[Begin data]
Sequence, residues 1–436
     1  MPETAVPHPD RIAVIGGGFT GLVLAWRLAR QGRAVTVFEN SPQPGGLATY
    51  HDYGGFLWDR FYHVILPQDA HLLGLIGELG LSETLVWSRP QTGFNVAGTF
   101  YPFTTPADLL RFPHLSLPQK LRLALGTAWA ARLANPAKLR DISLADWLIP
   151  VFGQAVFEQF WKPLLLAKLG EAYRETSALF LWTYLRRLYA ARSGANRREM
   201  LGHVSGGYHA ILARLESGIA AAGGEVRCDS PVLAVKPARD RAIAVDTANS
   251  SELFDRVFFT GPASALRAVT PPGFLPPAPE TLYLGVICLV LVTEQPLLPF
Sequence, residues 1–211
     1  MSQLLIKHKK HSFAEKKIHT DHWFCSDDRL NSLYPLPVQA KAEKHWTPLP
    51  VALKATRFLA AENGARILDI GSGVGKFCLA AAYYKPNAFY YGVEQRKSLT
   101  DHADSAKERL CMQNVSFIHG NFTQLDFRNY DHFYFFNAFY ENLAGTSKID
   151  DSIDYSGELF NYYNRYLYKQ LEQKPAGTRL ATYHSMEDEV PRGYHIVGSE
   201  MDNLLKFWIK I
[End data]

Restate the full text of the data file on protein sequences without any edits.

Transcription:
Sequence, residues 1–436
     1  MPETAVPHPD RIAVIGGGFT GLVLAWRLAR QGRAVTVFEN SPQPGGLATY
    51  HDYGGFLWDR FYHVILPQDA HLLGLIGELG LSETLVWSRP QTGFNVAGTF
   101  YPFTTPADLL RFPHLSLPQK LRLALGTAWA ARLANPAKLR DISLADWLIP
   151  VFGQAVFEQF WKPLLLAKLG EAYRETSALF LWTYLRRLYA ARSGANRREM
   201  LGHVSGGYHA ILARLESGIA AAGGEVRCDS PVLAVKPARD RAIAVDTANS
   251  SELFDRVFFT GPASALRAVT PPGFLPPAPE TLYLGVICLV LVTEQPLLPF
Sequence, residues 1–211
     1  MSQLLIKHKK HSFAEKKIHT DHWFCSDDRL NSLYPLPVQA KAEKHWTPLP
    51  VALKATRFLA AENGARILDI GSGVGKFCLA AAYYKPNAFY YGVEQRKSLT
   101  DHADSAKERL CMQNVSFIHG NFTQLDFRNY DHFYFFNAFY ENLAGTSKID
   151  DSIDYSGELF NYYNRYLYKQ LEQKPAGTRL ATYHSMEDEV PRGYHIVGSE
   201  MDNLLKFWIK I